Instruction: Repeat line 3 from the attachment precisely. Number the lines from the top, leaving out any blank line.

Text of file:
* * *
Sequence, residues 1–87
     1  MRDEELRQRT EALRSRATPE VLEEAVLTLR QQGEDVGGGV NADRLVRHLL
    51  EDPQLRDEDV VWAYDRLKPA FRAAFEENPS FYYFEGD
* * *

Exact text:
    51  EDPQLRDEDV VWAYDRLKPA FRAAFEENPS FYYFEGD